I have been a fan of Buddy Holly’s music since I was a teen-ager. I’m not sure how that came to be. My guess is I picked it up from my older siblings.
Buddy Holly (real last name was spelled Holley) died in a tragic plane crash Feb. 3, 1959, about five miles northwest of Clear Lake, Iowa. The 22-year-old Texan had performed at the Surf Ballroom earlier that evening. Holly, JP “Big Bopper” Richardson and Ritchie Valens were on the small plane piloted by Roger Peterson. None of the four survived. The Big Bopper was 28 and Valens was 17.
Holly wasn’t supposed to be on the plane that night, but his back-up band member, Waylon Jennings, gave up his seat.
The crash inspired the song “American Pie,” by Don McLean in the early 1970s. It mentions “the day the music died.” This is often referenced because of the influence Holly had on early Rock and Roll.
Lisa and I visited the Surf Ballroom previously when we were passing through the area. But, I’ve always wanted to visit the crash site to pay my respects.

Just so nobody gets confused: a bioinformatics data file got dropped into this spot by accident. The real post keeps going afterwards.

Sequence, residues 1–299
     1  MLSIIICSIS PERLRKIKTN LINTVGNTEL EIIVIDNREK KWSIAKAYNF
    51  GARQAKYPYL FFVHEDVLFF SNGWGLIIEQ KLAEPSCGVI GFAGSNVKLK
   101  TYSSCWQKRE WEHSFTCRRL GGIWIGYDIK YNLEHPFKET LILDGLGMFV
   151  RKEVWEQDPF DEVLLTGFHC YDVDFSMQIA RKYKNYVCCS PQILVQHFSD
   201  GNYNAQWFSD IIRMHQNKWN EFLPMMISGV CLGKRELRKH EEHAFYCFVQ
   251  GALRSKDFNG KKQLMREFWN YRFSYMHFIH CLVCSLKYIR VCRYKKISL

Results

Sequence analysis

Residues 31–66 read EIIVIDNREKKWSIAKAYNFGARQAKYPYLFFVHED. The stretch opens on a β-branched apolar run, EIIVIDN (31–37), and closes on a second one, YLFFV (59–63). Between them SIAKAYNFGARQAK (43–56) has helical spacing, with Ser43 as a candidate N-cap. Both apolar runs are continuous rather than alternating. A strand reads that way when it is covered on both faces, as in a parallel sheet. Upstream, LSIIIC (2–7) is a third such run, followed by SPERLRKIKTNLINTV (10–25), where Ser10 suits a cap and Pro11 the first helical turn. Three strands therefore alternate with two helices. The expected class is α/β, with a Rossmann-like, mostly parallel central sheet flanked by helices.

While in North Iowa recently, we were escorted around the area by Sara Broers of Mason City, Iowa. Sara is a national speaker, social media consultant and writes a few blogs, including “Travels with Sara.”
Sara took us to the crash site. It was a GPS challenge on our phones, but we found it. For everyone’s information, it is located near 315th Street and Gull Avenue.
A sign post resembling Buddy Holly’s black-rimmed glasses marks the crash site entrance. The site is on private property, but the owner lets people access the site without issues.
The actual crash site is about a quarter-mile into the field. So, be ready for a short walk.
Fan memorials are located at the site. People really loved and still love these guys. The memorials are well made.
I thought it was pretty nice that someone created a memorial for the pilot, too.
As a fan, this was an opportunity to mark off an item on my list of things Buddy Holly. I eventually want to make our way to Lubbock, Texas, Holly’s hometown and where he is buried